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I got into an argument with a friend a few weeks ago about whether or not Ford still made the Flex. I won. They do.

Rather, they did. Last week, Ford announced that sometime at the end of this month, the last Flex will leave the Oakville, Ontario, assembly plant. Some of you will swear you’re going to miss it, but my bet is that more people, like my friend, didn’t even realize it was still in production. That’s because the Ford Flex was a zombie.

Car and Driver

There are plenty of automotive zombies, those vehicles that are still made but that no one really cares about anymore. It’s hard to believe anyone goes out looking to buy one, and they likely end up shoved into the back of dealer lots. Only occasionally, one of the sales staff will remember that they’re in stock and sell one cheap enough that some bank will write a sub-prime loan to get it off the lot. They are cars, trucks, and SUVs that have passed out of the zeitgeist. They’re dead, but their manufacturers haven’t bothered to stop making them.

Let’s start with the Dodge Journey. It’s C/D’s least favorite crossover, with anonymous styling, a standard 173-hp 2.4-liter four, front-wheel drive, and one of the few four-speed automatic transmissions still offered in any new vehicle. It’s been in production since 2008, hasn’t changed much since then, and Dodge sold 94,096 of them in 2018. And yet, none of us has ever met anyone who bought one.

No one thinks about the Dodge Journey. No one cares about the Dodge Journey. And yet it’s still around, looking for fresh brains to eat. My guess is that most of the Journeys wind up at Hertz or Avis in Florida where they’re rented out to families needing nothing more than seatbelts for bouncing between Disney World, Universal Orlando, and that place in Fort Myers where you can get alligator-meat burgers. (Tastes like crocodile.)


Alfa Romeo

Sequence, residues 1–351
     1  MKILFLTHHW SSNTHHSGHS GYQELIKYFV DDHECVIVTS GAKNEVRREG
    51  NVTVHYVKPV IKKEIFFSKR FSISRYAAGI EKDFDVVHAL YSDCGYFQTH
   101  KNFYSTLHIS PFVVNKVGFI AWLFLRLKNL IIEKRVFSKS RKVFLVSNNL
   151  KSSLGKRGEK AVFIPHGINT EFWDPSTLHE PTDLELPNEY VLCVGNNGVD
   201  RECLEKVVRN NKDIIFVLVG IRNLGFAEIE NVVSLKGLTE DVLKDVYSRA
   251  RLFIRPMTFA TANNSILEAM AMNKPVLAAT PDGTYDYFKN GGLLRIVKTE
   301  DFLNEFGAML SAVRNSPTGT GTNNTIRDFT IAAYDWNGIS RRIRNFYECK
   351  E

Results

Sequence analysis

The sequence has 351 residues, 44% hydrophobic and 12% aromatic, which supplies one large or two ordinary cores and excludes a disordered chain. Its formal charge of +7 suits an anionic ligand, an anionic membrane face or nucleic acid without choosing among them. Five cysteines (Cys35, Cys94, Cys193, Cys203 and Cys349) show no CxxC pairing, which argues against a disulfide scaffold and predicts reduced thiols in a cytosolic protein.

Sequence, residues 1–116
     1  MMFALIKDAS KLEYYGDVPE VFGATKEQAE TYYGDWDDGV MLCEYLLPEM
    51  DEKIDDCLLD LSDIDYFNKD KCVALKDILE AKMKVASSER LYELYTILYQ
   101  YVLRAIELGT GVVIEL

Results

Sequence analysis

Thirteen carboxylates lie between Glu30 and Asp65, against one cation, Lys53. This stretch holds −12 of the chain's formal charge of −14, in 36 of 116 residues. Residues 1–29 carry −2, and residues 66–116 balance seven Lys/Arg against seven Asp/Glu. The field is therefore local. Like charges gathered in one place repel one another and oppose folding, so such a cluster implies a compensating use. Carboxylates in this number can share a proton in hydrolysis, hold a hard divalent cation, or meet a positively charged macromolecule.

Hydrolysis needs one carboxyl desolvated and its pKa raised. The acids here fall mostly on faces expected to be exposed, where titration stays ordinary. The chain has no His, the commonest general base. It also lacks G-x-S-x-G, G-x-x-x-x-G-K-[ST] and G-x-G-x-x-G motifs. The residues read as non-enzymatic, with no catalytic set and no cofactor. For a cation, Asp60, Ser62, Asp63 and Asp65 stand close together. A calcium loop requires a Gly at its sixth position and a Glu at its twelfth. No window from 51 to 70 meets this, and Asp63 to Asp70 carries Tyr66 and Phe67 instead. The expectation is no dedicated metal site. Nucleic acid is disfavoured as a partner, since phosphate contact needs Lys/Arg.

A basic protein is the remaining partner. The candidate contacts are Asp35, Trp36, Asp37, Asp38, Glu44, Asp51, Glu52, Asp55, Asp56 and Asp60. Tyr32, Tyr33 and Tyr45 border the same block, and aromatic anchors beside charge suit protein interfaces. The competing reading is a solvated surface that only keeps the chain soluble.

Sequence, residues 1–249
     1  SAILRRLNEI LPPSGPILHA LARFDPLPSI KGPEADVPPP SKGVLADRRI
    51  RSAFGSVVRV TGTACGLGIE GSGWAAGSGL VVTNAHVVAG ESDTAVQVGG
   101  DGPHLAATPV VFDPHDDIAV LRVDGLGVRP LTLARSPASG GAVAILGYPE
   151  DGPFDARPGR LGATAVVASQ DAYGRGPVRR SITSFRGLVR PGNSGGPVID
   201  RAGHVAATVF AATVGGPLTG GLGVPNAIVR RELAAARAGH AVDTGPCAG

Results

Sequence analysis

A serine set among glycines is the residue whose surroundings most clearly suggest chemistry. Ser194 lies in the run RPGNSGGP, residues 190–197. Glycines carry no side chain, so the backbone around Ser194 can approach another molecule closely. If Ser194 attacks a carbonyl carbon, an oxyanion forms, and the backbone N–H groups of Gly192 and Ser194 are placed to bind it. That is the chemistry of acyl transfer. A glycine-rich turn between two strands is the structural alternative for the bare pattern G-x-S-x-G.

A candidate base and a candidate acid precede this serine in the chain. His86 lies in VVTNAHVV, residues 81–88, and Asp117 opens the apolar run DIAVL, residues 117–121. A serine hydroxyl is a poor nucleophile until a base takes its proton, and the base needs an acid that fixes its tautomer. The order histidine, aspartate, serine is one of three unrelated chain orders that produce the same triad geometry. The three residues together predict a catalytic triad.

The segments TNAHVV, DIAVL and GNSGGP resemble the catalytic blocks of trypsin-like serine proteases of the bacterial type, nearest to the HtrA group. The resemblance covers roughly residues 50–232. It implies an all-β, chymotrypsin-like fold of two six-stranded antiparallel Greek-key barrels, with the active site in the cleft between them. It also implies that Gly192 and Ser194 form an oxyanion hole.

Or what about the Chevrolet Sonic and Spark? Chevy only sold 20,613 and 23,602, respectively, last year. We assume a similar fate for many of them as for the Journey, although they do seem somewhat more likely to have been bought by actual human beings. In its favor, the Spark is the base vehicle for the Domino’s DXP pizza delivery vehicle. And that’s kind of living-dead adorable.

But it’s not just bottom feeders that fall into obscurity. Has anyone given even a passing thought to the Alfa Romeo 4C Spider lately? It’s a blast to drive, but no one buys it. In 2018, Alfa sold just 238 in the United States. Looking at current sales, Alfa will be lucky to crack the 200 barrier this year. Holding the 4C back may be that most Americans have thighs too big to fit under the steering wheel, and that the carbon-fiber tub is upholstered like an Italian sarcophagus.

Kia Cadenza. Yes, there was a 2019 model year for this not-bad sedan. Buried under the popularity of its newer brother the Stinger and somehow difficult to distinguish from the less-lavish Optima, only 4507 were sold in 2018, and this year it won’t sell half that many. Even Kia dealers would be surprised to know that they sell the Cadenza. A redesign for 2020 may resurrect the Cadenza corpse. Or not.

The Mitsubishi Mirage G4, Lexus GS, Lincoln MKZ, and BMW i3 are similarly out of the buying public’s collective consciousness. But zombie status need not be a permanent condition.


Toyota’s 4Runner has been around since 1984. And it was a solid seller for most of the last 35 years. But in the Great Recession, demand for the 4Runner shriveled up and disappeared. Toyota only sold 19,675 4Runners in 2009. For Toyota, 19,675 units of practically any other product is a rounding error. But with the introduction of the fifth-generation 4Runner (N280 in Toyota code) for 2010, sales started a miraculous turnaround. In 2010, the big T sold 46,531. Then another 44,316 in 2011. Around 2012, buyers looking for true off-road ability began noticing how the rugged 4Runner stood out in a sea of car-like crossovers, and sales rose to 48,753. By 2014 sales were at 76,906, and in 2016 the 4Runner shattered the 100,000 barrier. In 2018, Toyota sold an astonishing 139,694—a record for the model.

The 4Runner was no longer buried with the damned. It was in the forefront of the common cerebellum once more: relevant, wanted, and attractive. It had been reanimated in a way even Mary Shelley couldn’t have imagined. The 4Runner is the zombie that arose from the grave to find itself once more among the living. So maybe death isn’t a permanent condition. At least, not if you’re a truck-based SUV.

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